Analysis: The mutuals plan that might sideline the charity sector

Details surrounding the £10m mutuals fund remain unclear

Francis Maude, Minister for the Cabinet Office
Francis Maude, Minister for the Cabinet Office

Much fanfare greeted the announcement last week by Francis Maude, the Minister for the Cabinet Office, that groups of public sector staff would be encouraged to run public services as mutuals, cooperatives or social enterprises.

The organisations would be allowed to bid for contracts to deliver public services in areas such as health, education, welfare and the prison system, he said. A £10m fund will be available to help them.

Most of the services involved will never have been outsourced by the state before. In these cases, says a Cabinet Office spokesman, proposals from the new mutuals will not have to go through a full tender process.

But many details remain unclear. Will the contracts automatically be renewed when they run out? Will the services simply be taken back in-house? Or will charities, social enterprises and private firms be able to bid to deliver them? The answer, according to Maude, is a mixture. "There is no identikit model," he said at a meeting to launch the plans last week. "We want a diverse ecosystem of providers that can improve quality by competing."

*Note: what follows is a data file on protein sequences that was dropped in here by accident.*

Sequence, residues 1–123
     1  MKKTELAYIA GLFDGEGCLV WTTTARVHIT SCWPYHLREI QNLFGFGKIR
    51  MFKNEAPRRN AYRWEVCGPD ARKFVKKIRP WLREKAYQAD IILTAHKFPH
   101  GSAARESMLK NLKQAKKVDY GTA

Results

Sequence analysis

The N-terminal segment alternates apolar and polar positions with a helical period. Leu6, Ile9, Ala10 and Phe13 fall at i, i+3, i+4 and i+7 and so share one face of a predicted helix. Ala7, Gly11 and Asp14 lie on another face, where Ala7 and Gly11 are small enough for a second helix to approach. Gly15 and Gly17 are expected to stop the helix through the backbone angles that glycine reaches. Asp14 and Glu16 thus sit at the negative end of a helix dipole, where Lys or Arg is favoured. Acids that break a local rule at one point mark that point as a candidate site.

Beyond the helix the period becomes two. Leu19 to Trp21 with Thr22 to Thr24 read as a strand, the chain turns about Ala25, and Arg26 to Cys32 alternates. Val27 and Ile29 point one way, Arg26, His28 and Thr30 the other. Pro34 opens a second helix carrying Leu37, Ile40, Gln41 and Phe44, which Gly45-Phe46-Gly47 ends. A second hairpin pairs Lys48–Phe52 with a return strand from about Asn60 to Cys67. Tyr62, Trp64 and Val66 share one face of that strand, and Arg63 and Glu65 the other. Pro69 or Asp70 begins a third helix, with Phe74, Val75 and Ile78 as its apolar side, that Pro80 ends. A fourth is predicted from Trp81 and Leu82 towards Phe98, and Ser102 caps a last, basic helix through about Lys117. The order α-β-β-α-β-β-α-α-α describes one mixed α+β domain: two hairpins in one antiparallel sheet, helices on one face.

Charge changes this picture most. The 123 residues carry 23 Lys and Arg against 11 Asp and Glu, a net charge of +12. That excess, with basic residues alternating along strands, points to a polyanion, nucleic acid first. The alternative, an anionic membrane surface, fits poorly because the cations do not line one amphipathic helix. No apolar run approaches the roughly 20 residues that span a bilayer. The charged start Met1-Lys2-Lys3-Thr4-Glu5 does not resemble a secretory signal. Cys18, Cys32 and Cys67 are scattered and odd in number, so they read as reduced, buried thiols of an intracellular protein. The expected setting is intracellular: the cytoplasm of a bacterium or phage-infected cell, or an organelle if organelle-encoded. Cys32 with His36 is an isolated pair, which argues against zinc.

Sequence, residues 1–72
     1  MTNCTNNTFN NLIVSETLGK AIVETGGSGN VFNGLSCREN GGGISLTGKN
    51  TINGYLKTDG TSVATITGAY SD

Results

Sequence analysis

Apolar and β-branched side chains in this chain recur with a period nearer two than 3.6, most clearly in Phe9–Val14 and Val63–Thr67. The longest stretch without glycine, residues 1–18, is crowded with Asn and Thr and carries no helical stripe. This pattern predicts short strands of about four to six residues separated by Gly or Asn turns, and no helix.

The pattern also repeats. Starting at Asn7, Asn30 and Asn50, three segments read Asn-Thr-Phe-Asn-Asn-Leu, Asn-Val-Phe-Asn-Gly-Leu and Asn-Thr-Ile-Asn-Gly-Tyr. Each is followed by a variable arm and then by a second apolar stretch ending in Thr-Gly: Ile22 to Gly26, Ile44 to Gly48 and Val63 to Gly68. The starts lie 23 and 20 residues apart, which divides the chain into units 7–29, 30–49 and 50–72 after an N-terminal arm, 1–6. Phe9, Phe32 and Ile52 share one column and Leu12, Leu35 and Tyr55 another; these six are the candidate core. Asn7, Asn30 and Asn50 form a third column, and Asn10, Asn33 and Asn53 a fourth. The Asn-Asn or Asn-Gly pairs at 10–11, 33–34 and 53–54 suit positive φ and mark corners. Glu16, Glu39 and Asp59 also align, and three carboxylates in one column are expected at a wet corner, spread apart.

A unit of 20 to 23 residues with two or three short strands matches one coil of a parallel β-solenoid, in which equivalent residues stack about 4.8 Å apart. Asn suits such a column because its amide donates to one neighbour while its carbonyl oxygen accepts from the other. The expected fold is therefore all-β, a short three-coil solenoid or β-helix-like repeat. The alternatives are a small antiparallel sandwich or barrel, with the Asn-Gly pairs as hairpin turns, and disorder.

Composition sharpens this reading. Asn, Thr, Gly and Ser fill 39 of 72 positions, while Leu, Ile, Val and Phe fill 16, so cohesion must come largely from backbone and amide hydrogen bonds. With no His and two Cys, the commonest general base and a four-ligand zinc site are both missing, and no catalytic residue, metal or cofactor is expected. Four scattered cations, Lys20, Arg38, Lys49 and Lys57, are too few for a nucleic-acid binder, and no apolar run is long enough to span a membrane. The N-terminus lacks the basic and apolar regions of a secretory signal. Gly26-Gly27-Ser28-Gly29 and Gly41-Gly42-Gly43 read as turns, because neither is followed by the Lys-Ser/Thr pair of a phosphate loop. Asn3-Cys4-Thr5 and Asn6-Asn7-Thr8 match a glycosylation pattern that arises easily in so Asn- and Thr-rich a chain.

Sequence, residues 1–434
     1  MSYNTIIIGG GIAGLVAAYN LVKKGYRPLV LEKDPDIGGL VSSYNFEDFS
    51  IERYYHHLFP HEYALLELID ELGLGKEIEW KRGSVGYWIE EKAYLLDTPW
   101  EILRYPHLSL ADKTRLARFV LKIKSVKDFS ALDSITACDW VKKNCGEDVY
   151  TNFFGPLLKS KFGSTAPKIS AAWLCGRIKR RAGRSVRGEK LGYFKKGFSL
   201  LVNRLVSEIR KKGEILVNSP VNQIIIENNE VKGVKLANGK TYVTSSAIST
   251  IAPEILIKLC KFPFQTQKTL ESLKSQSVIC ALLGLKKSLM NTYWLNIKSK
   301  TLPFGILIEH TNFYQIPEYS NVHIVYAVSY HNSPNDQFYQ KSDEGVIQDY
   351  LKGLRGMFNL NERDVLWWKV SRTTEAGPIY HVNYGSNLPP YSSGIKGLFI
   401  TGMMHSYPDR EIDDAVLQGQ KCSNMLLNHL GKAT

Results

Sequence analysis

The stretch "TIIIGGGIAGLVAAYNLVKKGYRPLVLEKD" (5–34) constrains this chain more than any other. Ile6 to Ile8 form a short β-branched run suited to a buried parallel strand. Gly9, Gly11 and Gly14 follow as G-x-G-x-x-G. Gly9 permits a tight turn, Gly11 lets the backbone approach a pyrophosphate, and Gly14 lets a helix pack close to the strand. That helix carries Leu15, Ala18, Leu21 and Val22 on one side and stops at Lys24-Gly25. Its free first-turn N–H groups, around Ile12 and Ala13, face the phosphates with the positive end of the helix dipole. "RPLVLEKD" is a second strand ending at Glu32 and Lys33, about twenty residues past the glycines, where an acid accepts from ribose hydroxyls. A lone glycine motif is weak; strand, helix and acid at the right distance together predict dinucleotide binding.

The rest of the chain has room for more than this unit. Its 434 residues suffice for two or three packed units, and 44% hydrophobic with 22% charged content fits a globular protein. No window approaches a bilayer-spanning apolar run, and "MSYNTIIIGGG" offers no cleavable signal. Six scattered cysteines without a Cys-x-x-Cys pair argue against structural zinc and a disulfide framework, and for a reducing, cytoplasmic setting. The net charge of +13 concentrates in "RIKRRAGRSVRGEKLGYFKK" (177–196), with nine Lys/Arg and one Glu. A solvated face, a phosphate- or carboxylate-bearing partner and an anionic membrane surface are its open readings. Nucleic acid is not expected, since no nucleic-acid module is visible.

Charity staff, broadly supportive of the principle, have queried its implementation. A major concern is whether the mutuals will be included in the 'community right to challenge' in the Localism Bill, due to be published this week. This will allow voluntary sector groups to challenge the choice of service providers by councils and bid to deliver services "differently and better", according to Greg Clark, the decentralisation minister.

Mutuals are allowed to make profits and attract private finance, and are likely to be bigger than most other service providers in their areas. If they could challenge local authorities in this way, there are fears that small voluntary groups might struggle to get a foothold.

Maude has acknowledged this. "The mutuals will have an advantage because they have contacts within a big public body and will find the commissioning process less onerous," he said. "But I don't think we're in a bad situation if there are too many good organisations competing."

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